While such a drawn-out process is theoretically enough to select for a particular trait, things get much more complex when there is more than one target trait, as in the case of crop improvement.

In its absolute simplest form, hybridization between crops will first require two pure crop lines that have been selected for corresponding traits.

When both crops are combined, either through cross-pollination or other asexual methods like grafting, it is theoretically expected that at least some of the following generation will have both desired traits. These can then be further self-bred to produce a pure line.

A complex process

If it looks complicated on paper, it’s definitely much more complex in the field. With many different confounding, and sometimes detrimental, factors like weather and plant diseases, the conventional plant breeding process can clock in years in duration.

What this means for us is that food becomes much less accessible. The long and slow process of plant breeding makes it much less capable of adjusting to unforeseen events like natural calamities and plant disease outbreaks and puts a relatively low ceiling on the productivity and efficiency of the process.

With the world that we have now, this simply will not do. We need a strong agricultural base that can keep up with the inflating human population and provide it with enough food.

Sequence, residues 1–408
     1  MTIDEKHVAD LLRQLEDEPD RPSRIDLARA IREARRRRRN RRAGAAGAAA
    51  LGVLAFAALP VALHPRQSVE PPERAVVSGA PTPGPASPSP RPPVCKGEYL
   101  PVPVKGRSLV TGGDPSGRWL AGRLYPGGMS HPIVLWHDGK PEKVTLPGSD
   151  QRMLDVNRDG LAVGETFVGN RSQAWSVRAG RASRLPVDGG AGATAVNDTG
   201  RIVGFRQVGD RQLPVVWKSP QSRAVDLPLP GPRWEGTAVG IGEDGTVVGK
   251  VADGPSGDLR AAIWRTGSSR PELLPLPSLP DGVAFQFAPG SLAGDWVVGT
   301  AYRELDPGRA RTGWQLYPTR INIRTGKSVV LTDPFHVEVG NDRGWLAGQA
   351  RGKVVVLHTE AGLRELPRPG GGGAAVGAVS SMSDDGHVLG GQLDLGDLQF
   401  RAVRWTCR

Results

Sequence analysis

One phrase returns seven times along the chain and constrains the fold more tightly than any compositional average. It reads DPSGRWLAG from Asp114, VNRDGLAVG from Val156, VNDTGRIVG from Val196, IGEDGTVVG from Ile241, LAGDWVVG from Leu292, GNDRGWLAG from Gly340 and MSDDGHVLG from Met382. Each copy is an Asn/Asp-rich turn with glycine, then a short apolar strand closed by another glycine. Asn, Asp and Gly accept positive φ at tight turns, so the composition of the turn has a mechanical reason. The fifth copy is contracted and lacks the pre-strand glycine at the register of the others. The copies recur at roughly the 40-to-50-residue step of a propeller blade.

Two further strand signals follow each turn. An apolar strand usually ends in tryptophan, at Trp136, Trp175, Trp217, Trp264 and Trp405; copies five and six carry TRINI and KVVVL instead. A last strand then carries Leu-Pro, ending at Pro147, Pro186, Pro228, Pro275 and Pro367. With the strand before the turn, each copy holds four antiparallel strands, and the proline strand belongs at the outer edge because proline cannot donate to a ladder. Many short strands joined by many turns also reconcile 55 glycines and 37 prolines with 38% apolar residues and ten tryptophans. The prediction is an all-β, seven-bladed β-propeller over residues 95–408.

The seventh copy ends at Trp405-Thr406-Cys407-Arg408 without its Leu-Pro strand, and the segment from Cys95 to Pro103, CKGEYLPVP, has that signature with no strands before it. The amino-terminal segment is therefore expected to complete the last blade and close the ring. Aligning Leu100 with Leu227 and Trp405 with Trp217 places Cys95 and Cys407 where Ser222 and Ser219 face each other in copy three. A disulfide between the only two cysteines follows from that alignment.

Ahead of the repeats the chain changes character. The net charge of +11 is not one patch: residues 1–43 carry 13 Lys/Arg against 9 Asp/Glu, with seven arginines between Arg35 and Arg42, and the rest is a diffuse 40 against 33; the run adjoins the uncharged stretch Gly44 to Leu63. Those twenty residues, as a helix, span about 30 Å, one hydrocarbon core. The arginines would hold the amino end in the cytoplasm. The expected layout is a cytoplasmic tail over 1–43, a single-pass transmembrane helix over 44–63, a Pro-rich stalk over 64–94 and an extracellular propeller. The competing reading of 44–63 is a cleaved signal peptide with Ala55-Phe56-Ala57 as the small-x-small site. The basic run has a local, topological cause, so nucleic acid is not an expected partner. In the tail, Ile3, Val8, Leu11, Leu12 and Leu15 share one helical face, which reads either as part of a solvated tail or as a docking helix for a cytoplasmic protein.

Biotechnology to meet growing demand for food

As Dr. Taylo puts it: “But times change and people grow. By 2015, the human population is estimated to reach 10 billion. With a geometric increase in population and limited arable land resource, how can we produce more crops to feed a bloating human population at quicker time?”

The answer, she continues, is provided by biotechnology. As science moves forward and into the molecular paradigm, we uncover new information and acquire new techniques that will allow us to create a more sustainable and sustaining agriculture scene.

One such technique is genetic engineering, popularly known to be employed in creating genetically modified organisms, or GMOs. While it has seen its fair share of controversy and skepticism, Dr. Taylo asserts that genetic engineering has been an invaluable addition to agriculture.

She continues: “With the advancement of science using modern crop biotechnology, precision agriculture comes into the picture.” And biotechnology, she concludes, is an effective, directed, and safe way to achieve the desired results